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If At First You Don't Succeed... Try Gutting the ESA Again

This recent attempt isn't the first time that the Bush administration has tried to eliminate Endangered Species Act consultations. In 2004, the Services adopted regulations urged by the Bush administration that authorized the Environmental Protection Agency (EPA) to avoid consulting wildlife experts on most of its approvals of pesticides for use in the United States. Under the rule, the Services delegated their consultation authority to EPA, thereby eliminating the expert wildlife agency oversight that serves as an independent check and safeguard. To justify the delegation, the Services reviewed EPA's methods for assessing wildlife risks from pesticides and, despite unanimous dissent from agency wildlife scientists involved in the review, found that EPA's methods would result in the same outcomes as consultation with the Services.

The pesticide initiative was a cynical attempt to circumvent the law after years of neglect. During the 1980s and early 1990s, EPA did engage in ESA consultations on pesticides. Scientists at the Fish and Wildlife Service repeatedly found serious potential harm to wildlife and recommended a variety of means to prevent exposure, including buffers around the species' habitat, reduced use of pesticides, and outright bans on the use of pesticides in endangered species' habitat. Tragically, these recommendations, called "jeopardy opinions," languished in the bureaucracy. EPA continued to authorize many hundreds -- possibly thousands -- of old and even new uses of hazardous pesticides without requiring the mitigation FWS had found to be necessary. Worse yet, EPA then stopped ESA consultations on pesticides altogether.

In 2001, Earthjustice went to court on behalf of commercial fishing and environmental groups. We challenged EPA's failure even to begin the process of ensuring that pesticides would not impede the survival and recovery of more than two dozen salmon and steelhead species protected by the ESA. We entered into extensive settlement discussions with EPA and the more than two dozen industry intervenors both before and after filing the lawsuit.

Given how blatant EPA's legal violations were, I thought this case would settle. At one point, we were close, but then the evening before a court appearance, a beleaguered Justice Department told me the settlement had been nixed "at the highest levels." We later learned from a presentation by the chemical industry's attorney that Tom Samsonetti, a political appointee overseeing the Justice Department's environmental attorneys, had pulled the plug.

Back in court, the lawsuit produced a court order in 2002 directing EPA to start ESA consultations with the Services on 54 pesticides by the end of 2004 and another court order in 2004 -- upheld by the court of appeals and turned down for review by the U.S. Supreme Court -- requiring pesticide-free buffers around salmon streams and warning labels on pesticides that can be purchased over-the-counter in urban areas.

The chemical industry then went to the now-notorious Julie MacDonald, who at the time oversaw the Fish and Wildlife Service, and other political appointees seeking a get-out-of-jail-free card for pesticides. The outcome, under heavy pressure from the White House, was the 2004 pesticide self-consultation rule.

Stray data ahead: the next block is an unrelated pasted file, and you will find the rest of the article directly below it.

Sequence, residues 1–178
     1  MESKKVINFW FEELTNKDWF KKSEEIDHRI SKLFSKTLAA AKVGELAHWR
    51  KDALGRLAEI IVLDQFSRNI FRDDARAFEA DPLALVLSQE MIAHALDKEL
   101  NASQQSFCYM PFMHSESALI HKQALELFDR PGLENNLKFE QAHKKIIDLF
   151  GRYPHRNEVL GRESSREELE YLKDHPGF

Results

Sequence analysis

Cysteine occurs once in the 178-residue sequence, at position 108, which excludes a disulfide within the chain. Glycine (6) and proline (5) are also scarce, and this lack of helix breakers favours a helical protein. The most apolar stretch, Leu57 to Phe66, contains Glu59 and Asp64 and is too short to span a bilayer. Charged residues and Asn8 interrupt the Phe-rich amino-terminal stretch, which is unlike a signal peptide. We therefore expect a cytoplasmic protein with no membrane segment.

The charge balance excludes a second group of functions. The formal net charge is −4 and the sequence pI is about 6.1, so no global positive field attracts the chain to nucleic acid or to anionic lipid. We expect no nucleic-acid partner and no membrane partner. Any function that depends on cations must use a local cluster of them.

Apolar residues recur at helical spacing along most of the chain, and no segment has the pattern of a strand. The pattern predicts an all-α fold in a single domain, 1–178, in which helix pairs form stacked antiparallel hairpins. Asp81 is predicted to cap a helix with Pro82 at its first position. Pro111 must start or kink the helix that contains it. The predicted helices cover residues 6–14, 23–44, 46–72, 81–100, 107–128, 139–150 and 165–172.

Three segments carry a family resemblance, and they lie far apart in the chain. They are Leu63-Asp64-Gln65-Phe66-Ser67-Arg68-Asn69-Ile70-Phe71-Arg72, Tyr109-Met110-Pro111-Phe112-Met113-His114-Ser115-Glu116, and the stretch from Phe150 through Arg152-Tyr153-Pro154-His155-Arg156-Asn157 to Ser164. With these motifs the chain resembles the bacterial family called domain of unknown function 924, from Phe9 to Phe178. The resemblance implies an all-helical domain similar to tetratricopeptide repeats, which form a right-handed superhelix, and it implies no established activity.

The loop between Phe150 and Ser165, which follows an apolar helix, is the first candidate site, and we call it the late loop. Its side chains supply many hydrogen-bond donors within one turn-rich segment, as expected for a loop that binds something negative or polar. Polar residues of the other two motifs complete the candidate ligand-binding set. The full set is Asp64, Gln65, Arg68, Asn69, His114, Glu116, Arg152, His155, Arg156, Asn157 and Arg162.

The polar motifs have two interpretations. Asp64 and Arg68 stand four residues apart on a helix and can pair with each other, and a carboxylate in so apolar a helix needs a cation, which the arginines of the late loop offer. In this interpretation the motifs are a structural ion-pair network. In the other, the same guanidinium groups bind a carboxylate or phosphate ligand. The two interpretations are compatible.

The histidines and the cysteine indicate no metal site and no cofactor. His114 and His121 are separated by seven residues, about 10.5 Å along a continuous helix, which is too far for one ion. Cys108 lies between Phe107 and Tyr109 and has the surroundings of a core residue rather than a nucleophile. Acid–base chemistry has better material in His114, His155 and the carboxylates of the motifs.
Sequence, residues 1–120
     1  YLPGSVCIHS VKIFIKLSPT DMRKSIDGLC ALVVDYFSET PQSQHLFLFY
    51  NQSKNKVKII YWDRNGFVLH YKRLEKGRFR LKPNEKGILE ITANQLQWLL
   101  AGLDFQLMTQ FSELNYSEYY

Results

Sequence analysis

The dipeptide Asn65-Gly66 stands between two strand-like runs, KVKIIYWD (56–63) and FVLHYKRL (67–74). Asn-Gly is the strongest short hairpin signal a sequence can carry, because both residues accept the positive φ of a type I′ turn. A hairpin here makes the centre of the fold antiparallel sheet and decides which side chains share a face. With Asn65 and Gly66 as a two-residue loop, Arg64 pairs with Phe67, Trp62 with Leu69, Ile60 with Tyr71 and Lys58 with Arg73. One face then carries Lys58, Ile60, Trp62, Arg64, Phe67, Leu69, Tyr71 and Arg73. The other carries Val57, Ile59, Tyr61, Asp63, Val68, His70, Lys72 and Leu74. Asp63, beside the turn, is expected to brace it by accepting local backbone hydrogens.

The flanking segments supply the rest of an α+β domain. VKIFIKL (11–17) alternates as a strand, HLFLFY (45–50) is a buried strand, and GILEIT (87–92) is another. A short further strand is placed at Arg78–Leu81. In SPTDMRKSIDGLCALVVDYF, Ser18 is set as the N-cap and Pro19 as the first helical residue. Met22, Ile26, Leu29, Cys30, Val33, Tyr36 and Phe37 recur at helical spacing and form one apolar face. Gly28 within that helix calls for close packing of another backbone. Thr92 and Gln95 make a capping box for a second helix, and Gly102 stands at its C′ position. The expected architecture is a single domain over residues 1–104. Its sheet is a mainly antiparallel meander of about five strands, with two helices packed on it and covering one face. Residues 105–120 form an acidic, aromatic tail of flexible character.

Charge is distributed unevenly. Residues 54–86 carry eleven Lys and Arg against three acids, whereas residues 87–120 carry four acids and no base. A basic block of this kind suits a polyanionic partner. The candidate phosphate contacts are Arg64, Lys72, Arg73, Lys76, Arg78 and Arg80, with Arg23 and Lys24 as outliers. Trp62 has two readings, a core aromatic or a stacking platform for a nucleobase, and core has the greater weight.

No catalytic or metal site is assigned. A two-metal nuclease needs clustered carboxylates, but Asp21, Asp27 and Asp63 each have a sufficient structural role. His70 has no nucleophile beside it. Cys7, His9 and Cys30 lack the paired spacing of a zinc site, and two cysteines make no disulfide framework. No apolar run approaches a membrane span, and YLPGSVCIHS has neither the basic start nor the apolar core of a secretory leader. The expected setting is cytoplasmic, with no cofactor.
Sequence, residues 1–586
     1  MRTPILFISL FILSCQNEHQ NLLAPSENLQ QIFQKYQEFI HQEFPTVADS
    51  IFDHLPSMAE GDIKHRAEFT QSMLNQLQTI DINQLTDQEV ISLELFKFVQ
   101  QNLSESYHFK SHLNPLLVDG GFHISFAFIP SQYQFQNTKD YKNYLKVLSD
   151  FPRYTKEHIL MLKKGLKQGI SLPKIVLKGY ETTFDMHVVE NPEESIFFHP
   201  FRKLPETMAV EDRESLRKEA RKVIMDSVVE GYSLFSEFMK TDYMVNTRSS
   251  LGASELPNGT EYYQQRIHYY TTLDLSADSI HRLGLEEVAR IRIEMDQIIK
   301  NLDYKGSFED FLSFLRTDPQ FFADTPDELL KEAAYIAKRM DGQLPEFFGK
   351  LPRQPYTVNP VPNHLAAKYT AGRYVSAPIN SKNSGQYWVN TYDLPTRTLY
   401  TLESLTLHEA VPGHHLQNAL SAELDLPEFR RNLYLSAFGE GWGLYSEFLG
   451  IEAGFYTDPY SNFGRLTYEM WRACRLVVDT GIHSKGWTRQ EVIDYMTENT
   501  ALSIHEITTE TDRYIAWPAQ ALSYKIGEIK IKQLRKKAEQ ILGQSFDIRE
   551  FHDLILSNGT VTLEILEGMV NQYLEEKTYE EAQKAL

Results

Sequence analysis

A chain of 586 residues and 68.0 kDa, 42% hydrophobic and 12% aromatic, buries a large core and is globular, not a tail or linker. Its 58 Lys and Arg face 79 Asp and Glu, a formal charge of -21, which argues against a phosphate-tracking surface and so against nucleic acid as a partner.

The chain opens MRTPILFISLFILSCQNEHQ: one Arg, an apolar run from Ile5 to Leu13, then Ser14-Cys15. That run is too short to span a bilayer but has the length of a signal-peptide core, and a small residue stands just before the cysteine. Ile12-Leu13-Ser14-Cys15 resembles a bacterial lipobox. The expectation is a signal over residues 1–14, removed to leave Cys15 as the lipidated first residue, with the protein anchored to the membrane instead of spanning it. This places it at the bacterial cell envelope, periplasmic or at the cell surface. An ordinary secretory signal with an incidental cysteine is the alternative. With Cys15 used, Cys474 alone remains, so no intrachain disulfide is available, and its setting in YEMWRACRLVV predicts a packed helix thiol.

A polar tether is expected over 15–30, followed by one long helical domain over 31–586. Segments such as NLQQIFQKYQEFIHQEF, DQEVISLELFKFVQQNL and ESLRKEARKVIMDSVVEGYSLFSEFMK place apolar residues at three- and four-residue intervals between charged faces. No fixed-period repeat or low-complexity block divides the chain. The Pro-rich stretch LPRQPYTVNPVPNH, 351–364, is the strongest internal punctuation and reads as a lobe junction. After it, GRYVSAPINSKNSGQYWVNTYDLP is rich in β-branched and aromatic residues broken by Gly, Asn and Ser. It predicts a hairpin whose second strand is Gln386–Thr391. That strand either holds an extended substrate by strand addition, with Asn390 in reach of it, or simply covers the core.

We went back to court on behalf of our original clients and other environmental groups. In 2006, the district court threw out the pesticide self-consultation rule. First, the judge held that it takes two to consult -- just like it takes two to tango. The self-consultation rule violated the plain terms of the ESA requiring mandatory consultation with the Services. Second, the judge rejected the assertion that EPA's unilateral findings would be as protective as ESA consultations with the Services. Career scientists at FWS and NMFS had repeatedly found that EPA failed to use the best available science in its pesticide decisions and had criticized EPA's assessments for overlooking peer-reviewed scientific literature and other key information.

Both EPA and the chemical industry appealed, but in May 2007, they dropped their appeals.

With the self-consultation rule gone, it still took another Earthjustice lawsuit to move the salmon consultations along. In a July 2008 settlement, NMFS agreed to a timeline to complete the consultations, and it released the first biological opinion later that month. NMFS found "overwhelming evidence" that three commonly-used agricultural pesticides -- chlorpyrifos, diazinon, and malathion -- are "likely to jeopardize the continued existence" of all listed salmon by interfering with the ability of salmon to swim, find food, reproduce, and escape predators. NMFS made these jeopardy calls for all uses of these pesticides, including 16 uses EPA had dismissed as having inconsequential impacts.

Ironically, less than two weeks later, the Services announced another Bush administration proposal to authorize self-consultation. But this time, the proposal would exempt countless actions from ESA consultations by changing the consultation trigger and would grant the power of self-consultation to all federal agencies when they deem their actions to have minimal effect and the Services fail to object under new strict and unrealistic deadlines. Past experience indicates that self-consultation will fail and will place species at risk. If the Bush administration goes forward and finalizes this ill-conceived proposal, Earthjustice will be back in court.